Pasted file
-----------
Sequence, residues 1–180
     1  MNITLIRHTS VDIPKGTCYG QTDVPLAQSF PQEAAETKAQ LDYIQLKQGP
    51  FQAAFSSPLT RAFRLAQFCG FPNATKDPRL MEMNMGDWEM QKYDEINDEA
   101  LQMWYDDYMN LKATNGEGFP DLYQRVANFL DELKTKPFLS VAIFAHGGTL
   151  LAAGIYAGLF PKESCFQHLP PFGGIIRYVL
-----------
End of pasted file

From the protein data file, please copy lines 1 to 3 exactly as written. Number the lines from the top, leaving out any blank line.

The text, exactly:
Sequence, residues 1–180
     1  MNITLIRHTS VDIPKGTCYG QTDVPLAQSF PQEAAETKAQ LDYIQLKQGP
    51  FQAAFSSPLT RAFRLAQFCG FPNATKDPRL MEMNMGDWEM QKYDEINDEA